Rantings and tirades of a frustrated economist.
As a real STEM worker, this piss me off.
I see their mistake. Understandable given the paucity of the fine and liberal arts education in spite of all the instruction. If we are to include "A" in the STEAM designation, it is for the Useful Arts, not the Fine Arts. The manual arts, the vocational arts, machining, welding, carpentry. Those are not normally university topics, except in the most advanced, but do contribute to those who can do something of value to others. Useful art, or useful arts or technics, is concerned with the skills and methods of practical subjects such as manufacture and craftsmanship. The phrase has now gone out of fashion, but it was used during the Victorian era and earlier as an antonym to the performing art and the fine art.
I've always said it should be STEAM, but with A being Accounting.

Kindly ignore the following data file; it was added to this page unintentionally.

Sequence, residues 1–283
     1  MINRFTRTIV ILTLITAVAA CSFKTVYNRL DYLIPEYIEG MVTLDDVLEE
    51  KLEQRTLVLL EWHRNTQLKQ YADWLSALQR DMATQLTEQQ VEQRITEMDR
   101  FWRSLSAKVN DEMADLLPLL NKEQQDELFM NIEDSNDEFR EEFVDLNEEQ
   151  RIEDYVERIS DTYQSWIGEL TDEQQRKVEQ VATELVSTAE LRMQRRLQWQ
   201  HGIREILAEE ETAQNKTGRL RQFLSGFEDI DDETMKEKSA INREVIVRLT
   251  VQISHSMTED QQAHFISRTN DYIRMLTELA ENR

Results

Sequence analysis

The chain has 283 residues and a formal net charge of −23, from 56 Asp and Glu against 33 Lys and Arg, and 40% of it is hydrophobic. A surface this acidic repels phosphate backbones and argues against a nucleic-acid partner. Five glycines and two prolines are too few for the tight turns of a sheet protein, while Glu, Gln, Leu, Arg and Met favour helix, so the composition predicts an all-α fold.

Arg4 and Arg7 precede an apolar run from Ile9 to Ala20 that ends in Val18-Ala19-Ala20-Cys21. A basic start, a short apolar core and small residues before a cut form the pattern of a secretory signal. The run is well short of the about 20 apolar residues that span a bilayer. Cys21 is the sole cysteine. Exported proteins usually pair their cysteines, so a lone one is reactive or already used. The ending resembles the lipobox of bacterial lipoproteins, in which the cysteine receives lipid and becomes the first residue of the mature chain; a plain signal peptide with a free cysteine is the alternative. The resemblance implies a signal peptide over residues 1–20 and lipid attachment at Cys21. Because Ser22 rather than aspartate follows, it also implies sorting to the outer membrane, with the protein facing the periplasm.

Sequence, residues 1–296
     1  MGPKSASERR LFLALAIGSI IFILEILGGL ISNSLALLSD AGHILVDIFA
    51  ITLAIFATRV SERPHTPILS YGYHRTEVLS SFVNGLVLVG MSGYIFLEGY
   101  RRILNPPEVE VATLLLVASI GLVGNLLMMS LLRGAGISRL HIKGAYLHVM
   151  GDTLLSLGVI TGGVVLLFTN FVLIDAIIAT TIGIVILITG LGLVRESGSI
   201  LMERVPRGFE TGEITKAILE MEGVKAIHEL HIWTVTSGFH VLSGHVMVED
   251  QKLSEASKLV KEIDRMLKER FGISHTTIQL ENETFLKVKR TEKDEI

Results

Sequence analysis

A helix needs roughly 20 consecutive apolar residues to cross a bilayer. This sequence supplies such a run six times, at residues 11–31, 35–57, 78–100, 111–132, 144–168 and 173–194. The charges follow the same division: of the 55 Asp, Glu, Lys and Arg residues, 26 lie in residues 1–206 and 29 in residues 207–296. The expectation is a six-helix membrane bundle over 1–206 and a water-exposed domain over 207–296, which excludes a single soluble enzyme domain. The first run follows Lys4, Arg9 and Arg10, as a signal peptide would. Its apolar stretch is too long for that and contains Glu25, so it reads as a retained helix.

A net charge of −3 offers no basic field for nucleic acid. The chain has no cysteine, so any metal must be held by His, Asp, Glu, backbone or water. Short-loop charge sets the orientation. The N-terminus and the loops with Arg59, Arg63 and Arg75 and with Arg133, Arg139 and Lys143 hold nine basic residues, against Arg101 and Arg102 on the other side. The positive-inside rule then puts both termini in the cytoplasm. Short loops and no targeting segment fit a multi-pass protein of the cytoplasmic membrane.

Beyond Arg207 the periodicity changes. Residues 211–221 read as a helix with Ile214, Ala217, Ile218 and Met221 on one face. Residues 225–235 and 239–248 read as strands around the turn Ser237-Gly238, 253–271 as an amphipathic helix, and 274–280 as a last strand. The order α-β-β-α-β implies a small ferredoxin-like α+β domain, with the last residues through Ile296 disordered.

You made me laugh. A lot. I once interviewed a terrific young Latina who said she picked engineering over art as a college major because her parents -- no education past elementary school -- had told her to always do what's harder. She was a very happy engineer -- and mentor for Latino teens. She'd told an ex-C student that he needed to get A's to get into engineering school. He was getting straight A's, while working part-time at a high-tech company.
This lady is seriously confused. The "A" is being pushed by the architects. But your rant remains true. Architect: "Look at this cool building design I came up with!"Engineer: "That cantilevered section won't support it's own weight."Architect: "Why not?"
back to the age of steam?
And I stand corrected. I can't believe the art students are seriously trying to claim equivalence of their degrees to engineering and the hard sciences. Hey, I'm an artist too. I used to make hundreds of dollars a year playing music for weddings and other festivals. I make more in a day designing products people need and are willing to pay for. My parents gave sage advice: "Music is a great hobby, but study engineering. You'll eat better, and won't have to live in our basement."
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